Mazda says that a key point of the next-generation MX-5 Miata’s design is that it erases the boundary between interior and exterior.
This is according to the company’s Production Design Studio Interior Design Group’s Masato Ogawa. He says the reason was to give it the true feeling of a convertible.
The idea for the interior design, he says, comes from his experience riding many cars starting with the first-generation MX-5 Miata. Through this experience he noticed, he says, “What really makes a convertible is that there is no line between the interior and exterior.”
One feature that realizes this in concrete terms is the upper door trim, which is the same color as the body. Ogawa says, “When you take the car for a drive, you can see the scenery over the hood and doors. You can take it all in as one scene.”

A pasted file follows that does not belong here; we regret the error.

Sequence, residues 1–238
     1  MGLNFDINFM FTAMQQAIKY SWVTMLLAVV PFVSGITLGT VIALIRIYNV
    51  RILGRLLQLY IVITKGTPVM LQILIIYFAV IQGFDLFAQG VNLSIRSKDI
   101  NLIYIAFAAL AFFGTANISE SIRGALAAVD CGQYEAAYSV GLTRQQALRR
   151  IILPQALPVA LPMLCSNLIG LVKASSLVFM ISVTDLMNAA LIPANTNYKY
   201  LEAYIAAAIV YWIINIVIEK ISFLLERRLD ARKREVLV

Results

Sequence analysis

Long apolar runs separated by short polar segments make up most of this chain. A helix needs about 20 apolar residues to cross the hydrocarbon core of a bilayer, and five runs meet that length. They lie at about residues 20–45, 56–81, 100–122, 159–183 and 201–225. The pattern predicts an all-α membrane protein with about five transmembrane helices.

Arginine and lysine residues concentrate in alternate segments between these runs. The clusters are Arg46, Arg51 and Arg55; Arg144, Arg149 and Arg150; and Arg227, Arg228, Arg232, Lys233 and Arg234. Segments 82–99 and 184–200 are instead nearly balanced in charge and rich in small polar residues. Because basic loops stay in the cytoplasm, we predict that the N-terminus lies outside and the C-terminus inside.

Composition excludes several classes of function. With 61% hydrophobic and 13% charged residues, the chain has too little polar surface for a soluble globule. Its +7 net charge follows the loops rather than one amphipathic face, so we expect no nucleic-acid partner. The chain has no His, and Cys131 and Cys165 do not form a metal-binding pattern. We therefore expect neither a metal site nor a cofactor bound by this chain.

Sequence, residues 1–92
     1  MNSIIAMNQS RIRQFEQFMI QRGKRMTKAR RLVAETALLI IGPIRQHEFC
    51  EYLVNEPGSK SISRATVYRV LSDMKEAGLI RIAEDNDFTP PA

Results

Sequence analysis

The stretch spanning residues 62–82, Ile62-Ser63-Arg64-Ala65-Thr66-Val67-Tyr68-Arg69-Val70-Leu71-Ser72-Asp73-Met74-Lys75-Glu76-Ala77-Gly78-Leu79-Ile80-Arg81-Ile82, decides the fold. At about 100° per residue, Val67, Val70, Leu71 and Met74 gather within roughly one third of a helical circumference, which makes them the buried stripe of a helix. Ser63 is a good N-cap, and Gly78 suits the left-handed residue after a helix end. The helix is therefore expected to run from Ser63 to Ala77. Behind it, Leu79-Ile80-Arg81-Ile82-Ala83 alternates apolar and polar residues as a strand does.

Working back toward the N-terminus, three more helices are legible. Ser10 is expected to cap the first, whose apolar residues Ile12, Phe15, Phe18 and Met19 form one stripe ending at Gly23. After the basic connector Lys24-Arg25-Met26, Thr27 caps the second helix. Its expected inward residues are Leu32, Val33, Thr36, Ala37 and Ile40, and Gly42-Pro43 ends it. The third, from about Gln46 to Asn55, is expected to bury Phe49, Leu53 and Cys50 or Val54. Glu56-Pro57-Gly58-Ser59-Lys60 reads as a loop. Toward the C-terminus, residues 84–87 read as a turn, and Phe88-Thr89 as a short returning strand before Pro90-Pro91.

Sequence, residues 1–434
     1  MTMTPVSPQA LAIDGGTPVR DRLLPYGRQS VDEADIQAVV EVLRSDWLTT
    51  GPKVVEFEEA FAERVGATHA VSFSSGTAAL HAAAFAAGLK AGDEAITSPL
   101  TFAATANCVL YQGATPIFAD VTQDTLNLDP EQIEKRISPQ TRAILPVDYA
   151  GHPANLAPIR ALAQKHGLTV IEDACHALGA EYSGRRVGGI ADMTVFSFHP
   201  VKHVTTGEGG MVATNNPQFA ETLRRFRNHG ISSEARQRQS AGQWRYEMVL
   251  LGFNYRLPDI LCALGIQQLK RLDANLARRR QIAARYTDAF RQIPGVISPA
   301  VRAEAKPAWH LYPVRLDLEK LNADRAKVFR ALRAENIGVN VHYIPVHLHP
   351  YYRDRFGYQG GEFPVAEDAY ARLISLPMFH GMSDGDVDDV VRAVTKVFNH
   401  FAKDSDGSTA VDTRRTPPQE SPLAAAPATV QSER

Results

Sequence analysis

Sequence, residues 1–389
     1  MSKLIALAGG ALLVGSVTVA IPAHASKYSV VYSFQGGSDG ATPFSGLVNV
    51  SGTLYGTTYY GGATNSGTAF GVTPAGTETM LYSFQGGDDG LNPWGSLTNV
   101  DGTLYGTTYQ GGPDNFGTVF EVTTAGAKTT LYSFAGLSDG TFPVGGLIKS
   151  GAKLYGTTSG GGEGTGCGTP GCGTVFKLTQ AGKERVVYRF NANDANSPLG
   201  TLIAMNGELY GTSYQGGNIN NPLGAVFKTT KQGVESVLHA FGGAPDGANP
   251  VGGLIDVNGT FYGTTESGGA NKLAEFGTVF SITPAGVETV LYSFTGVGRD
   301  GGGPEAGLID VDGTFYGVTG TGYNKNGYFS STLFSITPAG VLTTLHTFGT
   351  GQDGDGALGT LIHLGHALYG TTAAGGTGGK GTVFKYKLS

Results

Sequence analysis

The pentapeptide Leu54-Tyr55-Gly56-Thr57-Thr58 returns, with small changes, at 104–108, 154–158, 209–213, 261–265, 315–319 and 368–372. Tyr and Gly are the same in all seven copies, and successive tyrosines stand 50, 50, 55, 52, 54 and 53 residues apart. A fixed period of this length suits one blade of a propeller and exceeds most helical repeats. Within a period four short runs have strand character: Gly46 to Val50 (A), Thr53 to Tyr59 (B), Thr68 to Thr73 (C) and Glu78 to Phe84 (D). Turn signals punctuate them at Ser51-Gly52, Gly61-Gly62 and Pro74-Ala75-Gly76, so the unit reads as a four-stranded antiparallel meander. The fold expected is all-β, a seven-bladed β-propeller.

The new MX-5 Miata was also designed to erase the lines from the exterior as well. According to Masanori Minamizawa, also of the design studio, “We paid especially close attention to how the fender looks from the driver’s seat.”
“You can see exactly where the front tire is running and which way it’s pointing when it’s turned. Its shape tells you how the car is maneuvering. That’s a distinctive feature for the exterior.”
Mazda has taken Ogawa’s idea of seeing the scenery pass over the hood and doors and built a car that realizes it. Minamizawa says, “Because it’s the MX-5 Miata, we had to go all out on its design. I don’t think its fans would let us slip up.”
(Translated by Greg Scott)